Guildhall Jazz Open Day

13 July 2023, Milton Court Concert Hall, London

Almost forty years ago, a remarkable piece of music was performed at the Falkoner Centre in Copenhagen, Denmark. The music, Aura, was a suite written as a tribute to Miles Davis, and Miles would later describe it as a: ‘masterpiece.’

Yet despite Aura being critically well received, and the recorded version winning two Grammy awards, Aura was never performed live again – until now.

The Guildhall School of Music and Drama deserve kudos for their bold and imaginative decision to bring Auraback to the concert hall, and from the audience’s reaction on the night, it has been more than worth the wait.Aura’s origins go back to 1984, when Miles Davis was awarded the prestigious Léonie Sonning Music Prize, also known as the Sonning Music Award.

This Danish award is given annually to a musician who has made a significant contribution to music – past winners include Stravinsky, Bernstein and Shostakovich. Miles was the first jazz musician to win the award (Keith Jarrett won it in 2004).

Danish musician Palle Mikkelborg was commissioned to write some music for the award ceremony, and as part of the acceptance process, Miles agreed to play on part of it. Mikkelborg is a trumpeter/composer/arranger who has led his own bands and worked with artists such as Bill Evans, Gil Evans, George Russell and Dexter Gordon.

His musical influences include Gil Evans and the French composer Olivier Messiaen. The inspiration for this piece was Miles’s musical and personal aura.

Mikkelborg assigned a chromatic note to each letter of the alphabet, and used the ten letters that make up Miles’s first name and surname to create a theme. Aura was originally a suite composed of seven movements each named after a colour – red, orange, yellow, green, blue, indigo and violet.

The piece combines orchestral, big band and electronic elements – there are woodwind and percussion sections, as well as parts for oboe, harp and cor anglais; horns and trombones; acoustic bass and electric bass, piano and synthesisers, plus electric guitar.

The Guildhall Jazz Orchestra for this performance consisted of 35 musicians, including the excellent seven-piece Guildhall Jazz Singers – Nel Begley, Anni Delger, Sam Gale, Roza Herwig, Amy Hollingsworth, Will Inscoe and Alex Moss . The seven movements cover a wide range of music genres that includes jazz, classical, rock, electronic, funk, blues and reggae.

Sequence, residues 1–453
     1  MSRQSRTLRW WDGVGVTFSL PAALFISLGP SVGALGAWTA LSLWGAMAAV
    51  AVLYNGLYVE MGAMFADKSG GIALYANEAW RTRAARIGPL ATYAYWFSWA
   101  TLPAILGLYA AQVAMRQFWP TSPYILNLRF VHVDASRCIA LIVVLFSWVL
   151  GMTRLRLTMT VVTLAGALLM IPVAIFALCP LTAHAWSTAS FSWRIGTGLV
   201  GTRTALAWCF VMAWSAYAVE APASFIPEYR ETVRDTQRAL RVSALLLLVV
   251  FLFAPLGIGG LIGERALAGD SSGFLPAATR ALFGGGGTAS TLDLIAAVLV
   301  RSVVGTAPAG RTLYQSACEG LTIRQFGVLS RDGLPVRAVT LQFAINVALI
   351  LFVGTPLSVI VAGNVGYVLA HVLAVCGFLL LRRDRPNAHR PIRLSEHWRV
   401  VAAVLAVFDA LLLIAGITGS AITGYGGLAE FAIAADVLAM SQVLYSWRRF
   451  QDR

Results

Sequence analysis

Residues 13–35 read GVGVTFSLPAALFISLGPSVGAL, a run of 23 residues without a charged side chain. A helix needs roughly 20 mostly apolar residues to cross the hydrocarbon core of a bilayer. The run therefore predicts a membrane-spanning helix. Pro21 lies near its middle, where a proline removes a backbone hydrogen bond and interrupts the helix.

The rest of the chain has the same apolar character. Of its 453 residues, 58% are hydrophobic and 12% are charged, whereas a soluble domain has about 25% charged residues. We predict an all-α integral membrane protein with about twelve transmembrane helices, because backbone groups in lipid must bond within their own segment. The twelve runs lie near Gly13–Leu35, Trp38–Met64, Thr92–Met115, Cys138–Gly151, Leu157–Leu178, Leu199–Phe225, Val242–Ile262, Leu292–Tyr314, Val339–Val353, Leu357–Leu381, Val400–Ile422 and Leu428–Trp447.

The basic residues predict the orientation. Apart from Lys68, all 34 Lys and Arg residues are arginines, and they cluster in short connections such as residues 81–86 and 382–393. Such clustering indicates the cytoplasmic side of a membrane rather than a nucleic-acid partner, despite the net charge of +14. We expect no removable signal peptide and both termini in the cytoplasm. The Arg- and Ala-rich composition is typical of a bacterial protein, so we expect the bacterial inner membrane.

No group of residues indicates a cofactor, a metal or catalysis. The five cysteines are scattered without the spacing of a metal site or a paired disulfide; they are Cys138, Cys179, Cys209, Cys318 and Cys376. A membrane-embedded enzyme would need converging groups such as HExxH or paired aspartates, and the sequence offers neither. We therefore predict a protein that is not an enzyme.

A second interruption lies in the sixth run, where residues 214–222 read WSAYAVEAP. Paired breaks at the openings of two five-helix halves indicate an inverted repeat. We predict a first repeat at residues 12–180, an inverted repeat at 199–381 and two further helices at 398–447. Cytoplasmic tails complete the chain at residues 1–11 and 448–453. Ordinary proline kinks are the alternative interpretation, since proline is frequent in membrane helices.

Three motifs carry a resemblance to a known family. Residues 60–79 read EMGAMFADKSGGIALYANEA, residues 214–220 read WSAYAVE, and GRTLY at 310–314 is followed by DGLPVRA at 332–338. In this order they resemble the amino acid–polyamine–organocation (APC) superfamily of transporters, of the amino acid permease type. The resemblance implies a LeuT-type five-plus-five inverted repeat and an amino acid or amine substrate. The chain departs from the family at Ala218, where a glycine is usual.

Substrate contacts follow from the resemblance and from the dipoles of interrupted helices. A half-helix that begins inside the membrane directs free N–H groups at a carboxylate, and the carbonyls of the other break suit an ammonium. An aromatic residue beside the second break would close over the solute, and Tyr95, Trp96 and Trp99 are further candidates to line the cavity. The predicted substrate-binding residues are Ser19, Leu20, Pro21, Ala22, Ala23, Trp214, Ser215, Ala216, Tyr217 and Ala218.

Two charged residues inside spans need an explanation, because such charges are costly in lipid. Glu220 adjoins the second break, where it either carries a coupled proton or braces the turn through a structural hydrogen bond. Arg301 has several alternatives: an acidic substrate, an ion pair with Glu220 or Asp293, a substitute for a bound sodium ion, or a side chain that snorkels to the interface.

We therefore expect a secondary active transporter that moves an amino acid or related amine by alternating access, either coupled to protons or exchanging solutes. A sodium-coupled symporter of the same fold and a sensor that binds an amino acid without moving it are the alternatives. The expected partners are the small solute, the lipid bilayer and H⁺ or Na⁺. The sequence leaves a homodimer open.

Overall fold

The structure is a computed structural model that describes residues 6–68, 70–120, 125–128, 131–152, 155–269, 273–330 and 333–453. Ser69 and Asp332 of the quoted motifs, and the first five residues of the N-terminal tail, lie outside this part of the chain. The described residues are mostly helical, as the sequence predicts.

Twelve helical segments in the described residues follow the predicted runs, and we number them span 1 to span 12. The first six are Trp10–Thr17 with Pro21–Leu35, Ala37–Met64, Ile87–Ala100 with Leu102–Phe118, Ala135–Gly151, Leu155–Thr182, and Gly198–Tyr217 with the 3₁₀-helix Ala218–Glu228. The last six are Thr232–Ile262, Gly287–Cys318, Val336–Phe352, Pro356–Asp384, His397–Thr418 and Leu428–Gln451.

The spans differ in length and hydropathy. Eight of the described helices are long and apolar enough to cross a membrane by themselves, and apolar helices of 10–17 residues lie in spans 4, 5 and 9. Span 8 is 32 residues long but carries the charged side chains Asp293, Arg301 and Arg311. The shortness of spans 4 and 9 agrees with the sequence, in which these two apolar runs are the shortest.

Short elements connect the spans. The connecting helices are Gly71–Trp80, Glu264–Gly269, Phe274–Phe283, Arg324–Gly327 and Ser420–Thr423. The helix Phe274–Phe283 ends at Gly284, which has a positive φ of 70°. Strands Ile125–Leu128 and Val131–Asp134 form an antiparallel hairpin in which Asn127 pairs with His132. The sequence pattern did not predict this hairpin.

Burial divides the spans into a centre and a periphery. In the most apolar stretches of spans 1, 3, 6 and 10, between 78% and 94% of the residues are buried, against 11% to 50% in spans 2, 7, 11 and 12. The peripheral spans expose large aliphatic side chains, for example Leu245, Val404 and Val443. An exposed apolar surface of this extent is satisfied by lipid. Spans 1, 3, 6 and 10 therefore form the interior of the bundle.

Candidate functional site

Aura was performed in Copenhagen on 14 December 1984 with the Danish Radio Big Band. An audio recording of concert is available here:

Miles was only expected to play on the final section – ‘Violet’ – but was so enthused by the experience that he stayed on for two encores, playing ‘Jean-Pierre’ and ‘Time After Time’ (his guitarist John Scofield joining him on these pieces).

With the awards ceremony over, Mikkelborg thought that his work was done, but in mid-January 1985, he received a call in the middle of the night from Miles, who told him that he was returning to Denmark in two weeks to make a recording of Aura!

Somehow, Mikkelborg managed to book a studio, assemble the musicians and have the music prepared before Miles arrived. Recording took place over five days in late January/early February 1985. It’s important to note that the recorded version of Aura is not the same as that performed at the Falconer Centre or in this concert.

In the studio, Miles reshaped the music, tweaking things here and there, paring certain elements and even inspiring Mikkelborg to compose an additional movement, ‘White,’ which was specially created for the album version.

The music world always seems to be catching up with Aura. Although the album was recorded in 1985, Miles’s record company at the time – Columbia Records – did not release it until1989, much to Miles’s displeasure (he cited this as one of the reasons why he left Columbia records for Warner Brothers in the summer of 1985).

Now, here we are four decades on, hearing it played live again for the first time since its debut performance.

The driving force behind this new performance is Scott Stroman, director of the London Jazz Orchestra and founder of the Guildhall Jazz Orchestra. Stroman is a big fan of the music of Miles Davis and Gil Evans, and the Guildhall Jazz Orchestra has performed orchestral collaborations like Miles Ahead, Sketches of Spain and Porgy and Bess.

He’s also a massive fan of Aura, stating: “I know of no other piece quite like Aura. Of course, on first hearing, it is the unmistakable voice of Miles which catches the ear, but there is something about the setting, the larger piece, which stands it apart from any other Davis recording since the 1960s.